At 10:00 AM , Blogger Another Conflict Theorist said...

Peace,

Launa: Oh, believe me, she knows the casual workplace foolishness with which black women must put up. The only reason I picked her specifically (other than the ease of access) is the fact that she's not immune simply because she's got a Dr. in front of her name. I'm coming by to read about that caucus, btw.

John: My brother. Thanks for stopping by, man. Given the professional status that you've attained, I'm saddened, but not surprised, to read that you're fairly isolated from other black folks. At any rate, you should start asking the women in your family about this issue. I guarantee you that you'll hear some startling stories.

 
At 10:26 AM , Blogger Changeseeker said...

I've heard (and witnessed) many such stories, ACT, even though, supposedly, I should be out of that loop (looking like I do). The fact is that being as bi-cultural as I am gets me included in this foolishness and then I'm in the double-bind of being acccused of being racist when I respond negatively (no matter how carefully I choose my response). To make matters worse (this could get worse?), once the type of guy you're discussing finds out I have a bi-racial daughter, it's ALL the way on, since apparently (according to his way of thinking), every European-American woman who's ever been with an African-American man will go with ANY African-American man. And "age, baby, ain't nuthin' but a number." Good grief. Can they not HEAR themselves?

 
At 1:59 PM , Blogger Clifton said...

What's up my brother,

I have to say that I have experienced this more than once. I think sometimes some black people tend to get too relaxed when they see someone who looks like them. I think it's because they hide their true personalities so much in order to transcend how they look that it's all bottled up. They see your wife and figure she can relate. The reason why she can't relate is because she got to where she is without having to do all that faking. Those are the kind of cats that always get the sexual harassment charges or end up explaining themselves in a hearing like Clarence Thomas had to do.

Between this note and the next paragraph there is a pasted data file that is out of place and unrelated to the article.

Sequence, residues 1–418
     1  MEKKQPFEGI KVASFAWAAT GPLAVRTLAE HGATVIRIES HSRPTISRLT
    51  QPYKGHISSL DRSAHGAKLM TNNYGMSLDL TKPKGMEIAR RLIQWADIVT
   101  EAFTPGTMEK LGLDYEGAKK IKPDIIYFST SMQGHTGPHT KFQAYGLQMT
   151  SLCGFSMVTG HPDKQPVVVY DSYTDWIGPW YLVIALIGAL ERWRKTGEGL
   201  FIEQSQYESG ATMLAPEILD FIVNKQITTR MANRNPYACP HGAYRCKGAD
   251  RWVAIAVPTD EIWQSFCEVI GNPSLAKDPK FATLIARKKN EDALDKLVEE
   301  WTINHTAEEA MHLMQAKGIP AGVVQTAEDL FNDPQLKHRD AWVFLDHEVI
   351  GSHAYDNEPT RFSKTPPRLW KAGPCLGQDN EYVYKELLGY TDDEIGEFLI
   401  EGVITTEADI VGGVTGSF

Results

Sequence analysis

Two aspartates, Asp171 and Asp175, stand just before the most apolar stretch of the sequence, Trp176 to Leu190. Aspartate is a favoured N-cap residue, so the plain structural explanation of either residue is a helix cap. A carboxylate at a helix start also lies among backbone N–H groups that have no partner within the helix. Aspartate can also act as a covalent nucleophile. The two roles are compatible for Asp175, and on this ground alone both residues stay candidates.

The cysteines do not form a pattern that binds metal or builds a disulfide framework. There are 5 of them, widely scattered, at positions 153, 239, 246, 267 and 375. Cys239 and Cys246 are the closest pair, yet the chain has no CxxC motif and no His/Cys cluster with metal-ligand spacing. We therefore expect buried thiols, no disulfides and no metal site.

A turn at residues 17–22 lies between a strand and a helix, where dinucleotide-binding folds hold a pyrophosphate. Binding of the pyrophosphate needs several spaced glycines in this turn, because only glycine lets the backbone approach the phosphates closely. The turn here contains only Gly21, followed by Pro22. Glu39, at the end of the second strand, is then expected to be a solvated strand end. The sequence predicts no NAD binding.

At 3:11 PM , Blogger Coffey0072 said...

I really appreciate this post, as I've experienced similar interactions myself... within and outside of the realm of the workplace.

I've been in situations where some Black men (in high positions in a few instances) will lasciviously stare or make carefully guarded but inappropriate comments. My favorites are the one or two brothers who will, within earshot of any few of us who happen to be nearby, who proclaim his disdain for us and his preference for White women. Not generalizing, just commenting based on the personal experiences of myself, my friends, and most recently, my younger sister. And kudos to what Clifton just opined as to the reasons why some Black men may feel comfortable and confident enough to engage in that type of behavior.

 
At 10:29 AM , Blogger Breez said...

WOW! Thanks for this post. I think you've read about my dealings with such foolishness. It's actually disheartening. It also admittedly has made me question, what have I done to make them feel comfortable enough to address me in such a manner?

I've actually gone through totally revamping the way I dress, limiting conversation topics. It's amazing how a simple "hello" can develop into outright assholery.

 
At 1:40 PM , Blogger decade number three said...

AMEN ACT! You know what i've been through....

 
At 5:19 AM , Blogger Clifton said...

I had to come back and add that as much as I hate to admit it, this has always been a black experience at work for me. I'm not saying that white guys don't have similar feelings about women in the office. They just don't say it in the same kind of brash manner brothers do. I am sure there are extreme cases of this happening but not on a day to day basis.

 
At 8:59 AM , Blogger Torrance Stephens bka All-Mi-T said...

well i will have to se. nice blog folk, chk em out one day, maybe u ca start with this THANK WE FREE

 
At 1:40 AM , OpenID theharbinger said...

Lucid.